- Semantic rules help us understand the difference in meaning between the word cat and the word dog. Instead of each of these words meaning any four-legged domestic pet, we use each word to specify what four-legged domestic pet we are talking about. You’ve probably used these words to say things like, “I’m a cat person” or “I’m a dog person.” Each of these statements provides insight into what the sender is trying to communicate. The statements in the “Sound It Out” box not only illustrate the idea of phonology, but also semantics. Even though many of the words are spelled the same, their meanings vary depending on how they are pronounced and in what context they are used.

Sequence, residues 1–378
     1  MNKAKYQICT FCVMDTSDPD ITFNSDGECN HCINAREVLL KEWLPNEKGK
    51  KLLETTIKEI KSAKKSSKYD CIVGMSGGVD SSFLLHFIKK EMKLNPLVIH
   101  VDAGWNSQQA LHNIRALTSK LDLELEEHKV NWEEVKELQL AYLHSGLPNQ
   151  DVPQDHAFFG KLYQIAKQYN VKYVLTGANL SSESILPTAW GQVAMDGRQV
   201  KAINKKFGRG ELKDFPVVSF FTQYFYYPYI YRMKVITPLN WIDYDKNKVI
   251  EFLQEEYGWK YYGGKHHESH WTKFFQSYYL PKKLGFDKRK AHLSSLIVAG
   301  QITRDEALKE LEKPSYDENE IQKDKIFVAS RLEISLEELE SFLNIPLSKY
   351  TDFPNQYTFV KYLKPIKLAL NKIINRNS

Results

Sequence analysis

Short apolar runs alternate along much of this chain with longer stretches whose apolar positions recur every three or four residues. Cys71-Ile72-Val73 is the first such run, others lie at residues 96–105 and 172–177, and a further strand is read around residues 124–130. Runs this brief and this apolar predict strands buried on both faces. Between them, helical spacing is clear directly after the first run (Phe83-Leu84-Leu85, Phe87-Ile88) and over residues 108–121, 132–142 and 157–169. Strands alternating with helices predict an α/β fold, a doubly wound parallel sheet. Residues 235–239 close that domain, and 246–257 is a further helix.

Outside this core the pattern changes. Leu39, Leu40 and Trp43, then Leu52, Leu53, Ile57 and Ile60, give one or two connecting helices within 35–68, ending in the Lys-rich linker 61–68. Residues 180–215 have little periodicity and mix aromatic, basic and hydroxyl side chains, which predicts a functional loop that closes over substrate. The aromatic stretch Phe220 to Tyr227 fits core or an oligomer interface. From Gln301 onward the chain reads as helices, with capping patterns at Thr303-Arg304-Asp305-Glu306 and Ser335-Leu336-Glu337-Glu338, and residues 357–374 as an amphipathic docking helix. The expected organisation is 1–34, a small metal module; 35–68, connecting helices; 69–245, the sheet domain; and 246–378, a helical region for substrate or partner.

We attach meanings to words; meanings are not inherent in words themselves. As you’ve been reading, words (symbols) are arbitrary and attain meaning only when people give them meaning. While we can always look to a dictionary to find a standardized definition of a word, or its denotative meaning, meanings do not always follow standard, agreed-upon definitions when used in various contexts. Consider the word bitch. The denotative meaning is, “A female canine animal, especially a dog.” However, connotative meanings, the meanings we assign based on our experiences and beliefs, are quite varied. It’s likely that you most often hear the term bitch used connotatively as a derogatory descriptor of women (and sometimes men) rather than denotatively to literally define a female dog. A more recent connotative meaning of bitch is that of sisterhood and solidarity among women. When asked why she would “choose to glamorize the unappealing female stereotype of the bitch,” Andi Zeisler, co-founder of Bitch magazine replied: “When we chose the name, we were thinking, well, it would be great to reclaim the word “bitch” for strong, outspoken women, much the same way that “queer” has been reclaimed by the gay community” (Solomon, 2006, p. 13). Used in this sense, women, who historically have been at the brunt of this derogatory word, have reclaimed it for their own purposes. They have challenged the mainstream connotative use of the term by assigning a new connotative meaning to it.